Politico unleashes a bombshell about what's happening to our damaged economy

In 2020, America's economy went from the strongest in the world to free fall.  The historically low 3.5% unemployment rate in February grew to 14.7% in two months.  In a bombshell article, however, Politico reveals that we should expect explosive economic growth.  It reports, too, that the Democrats hate this good news.

The optimistic news about the economy doesn't come from Trump, a happy warrior who is promising that America's greatest days are still to come:

Instead, the economic optimist is Jason Furman, who spent three and a half years as the chair of Obama's Council of Economic Advisors.  On Tuesday, Politico reported that Furman has been riling up Democrats by telling them that America is trembling on the verge of its greatest economic boom ever:

In early April, Jason Furman, a top economist in the Obama administration and now a professor at Harvard, was speaking via Zoom to a large bipartisan group of top officials from both parties. The economy had just been shut down, unemployment was spiking and some policymakers were predicting an era worse than the Great Depression. The economic carnage seemed likely to doom President Donald Trump's chances at reelection.

Furman, tapped to give the opening presentation, looked into his screen of poorly lit boxes of frightened wonks and made a startling claim.

"We are about to see the best economic data we've seen in the history of this country," he said.

Furman argues that the downfall that preceded today's economy is different from that preceding both the Great Depression and the 2008 Recession.  As he sees it (correctly, I think), our economy didn't collapse from systemic problems.  Instead, we had the equivalent of a nationwide natural disaster. Fundamentally healthy economies usually recover well from such disasters:

[Beginning in mid-April, c]onsumption and hiring started to tick up "in gross terms, not in net terms," Furman said, describing the phenomenon as a "partial rebound." The bounce back "can be very very fast, because people go back to their original job, they get called back from furlough, you put the lights back on in your business. Given how many people were furloughed and how many businesses were closed you can get a big jump out of that. It will look like a V."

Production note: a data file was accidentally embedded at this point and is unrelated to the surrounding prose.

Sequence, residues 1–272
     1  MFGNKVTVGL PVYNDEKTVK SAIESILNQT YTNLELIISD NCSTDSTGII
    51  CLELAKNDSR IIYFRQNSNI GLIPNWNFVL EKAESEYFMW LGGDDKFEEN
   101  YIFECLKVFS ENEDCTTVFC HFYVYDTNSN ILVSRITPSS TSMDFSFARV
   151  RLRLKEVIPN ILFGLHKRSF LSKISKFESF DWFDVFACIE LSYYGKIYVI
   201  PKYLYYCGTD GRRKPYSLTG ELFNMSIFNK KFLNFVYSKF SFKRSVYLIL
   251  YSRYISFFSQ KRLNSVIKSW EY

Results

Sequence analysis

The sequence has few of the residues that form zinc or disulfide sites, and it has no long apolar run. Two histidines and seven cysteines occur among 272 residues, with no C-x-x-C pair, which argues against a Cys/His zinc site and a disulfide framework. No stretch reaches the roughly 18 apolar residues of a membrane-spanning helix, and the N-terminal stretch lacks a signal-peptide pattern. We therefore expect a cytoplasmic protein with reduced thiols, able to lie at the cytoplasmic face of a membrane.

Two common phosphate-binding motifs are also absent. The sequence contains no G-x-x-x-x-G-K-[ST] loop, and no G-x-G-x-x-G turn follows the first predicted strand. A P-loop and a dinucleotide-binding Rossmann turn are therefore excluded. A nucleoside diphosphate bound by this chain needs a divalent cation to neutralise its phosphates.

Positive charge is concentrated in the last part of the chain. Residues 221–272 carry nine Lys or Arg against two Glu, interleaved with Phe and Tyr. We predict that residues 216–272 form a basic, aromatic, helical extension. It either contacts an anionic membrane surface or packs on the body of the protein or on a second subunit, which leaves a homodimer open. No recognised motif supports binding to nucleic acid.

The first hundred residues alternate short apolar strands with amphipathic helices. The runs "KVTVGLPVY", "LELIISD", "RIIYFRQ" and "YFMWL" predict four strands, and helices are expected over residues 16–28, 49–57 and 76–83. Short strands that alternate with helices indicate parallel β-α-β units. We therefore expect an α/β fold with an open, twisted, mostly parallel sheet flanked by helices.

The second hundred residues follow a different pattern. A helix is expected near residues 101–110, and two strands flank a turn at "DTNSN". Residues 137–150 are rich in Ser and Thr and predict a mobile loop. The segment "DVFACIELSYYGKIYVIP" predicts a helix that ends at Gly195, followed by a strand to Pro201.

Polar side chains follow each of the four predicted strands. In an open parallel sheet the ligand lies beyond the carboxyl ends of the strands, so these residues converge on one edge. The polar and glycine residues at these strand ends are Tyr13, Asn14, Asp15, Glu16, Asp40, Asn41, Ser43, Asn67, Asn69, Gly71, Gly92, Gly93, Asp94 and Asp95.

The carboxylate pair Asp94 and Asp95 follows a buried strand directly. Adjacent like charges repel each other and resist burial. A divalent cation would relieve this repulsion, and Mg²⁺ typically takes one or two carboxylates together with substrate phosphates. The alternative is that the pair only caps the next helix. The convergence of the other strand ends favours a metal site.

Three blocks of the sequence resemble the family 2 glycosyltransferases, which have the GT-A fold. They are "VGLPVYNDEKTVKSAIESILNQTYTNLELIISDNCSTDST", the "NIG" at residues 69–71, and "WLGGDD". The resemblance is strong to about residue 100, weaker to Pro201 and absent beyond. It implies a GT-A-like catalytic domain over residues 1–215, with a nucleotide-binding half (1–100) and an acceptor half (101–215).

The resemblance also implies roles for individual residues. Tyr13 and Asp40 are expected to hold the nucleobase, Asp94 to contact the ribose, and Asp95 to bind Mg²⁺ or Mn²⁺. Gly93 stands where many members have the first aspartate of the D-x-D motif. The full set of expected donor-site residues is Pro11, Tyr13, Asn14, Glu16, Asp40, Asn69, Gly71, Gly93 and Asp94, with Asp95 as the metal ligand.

What should also make the economy explosive is Trump's using the pandemic to cut back business- and job-killing regulations.

The second bombshell Politico detonates, which shouldn't surprise us, is that Democrats are unhappy with Furman's optimistic economic prediction.  Politico quotes one former Obama official saying of the promised economic bounce, "This is my big worry." 

The same official, who still hangs out with Obama, says that for other party officials, any economic improvement also occasions "high, high, high, high" concern.  Biden's team members are worried as well because they had hoped to run on a failing economy. 

The recovery will be rocky because the economy will reflect businesses that are gone forever, as well as the Democrat governors' seeming determination to cripple their states' economies.  Nevertheless, the overall economic numbers should improve dramatically:

"In absolute terms, the economy will look historically terrible come November," said Kenneth Baer, a Democratic strategist who worked in a senior role at the Office of Management and Budget under Obama. "But relative to the depths of April, it will be on an upswing — 12 percent unemployment, for example, is better than 20, but historically terrible. On Election Day, we Democrats need voters to ask themselves, 'Are you better off than you were four years ago?' Republicans need voters to ask themselves, 'Are you better off than you were four months ago?'"

One progressive Democratic operative pointed out that recent polling, taken during the nadir of the crisis, shows Joe Biden is struggling to best Trump on who is more trusted to handle the economy. "Trump beats Biden on the economy even right now!" he said. "This is going to be extremely difficult no matter what. It's existential that we figure it out. In any of these economic scenarios Democrats are going to have to win the argument that our public health and economy are much worse off because of Donald Trump's failure of leadership."

In 2018, leftist TV host Bill Maher dreamed of a recession that would destroy Trump:

The Democrats' mistake was forcing a recession too early in the game.  It's possible that they hurt their states irreparably, even while assuring that Trump will still benefit from a generalized nationwide post-recession recovery.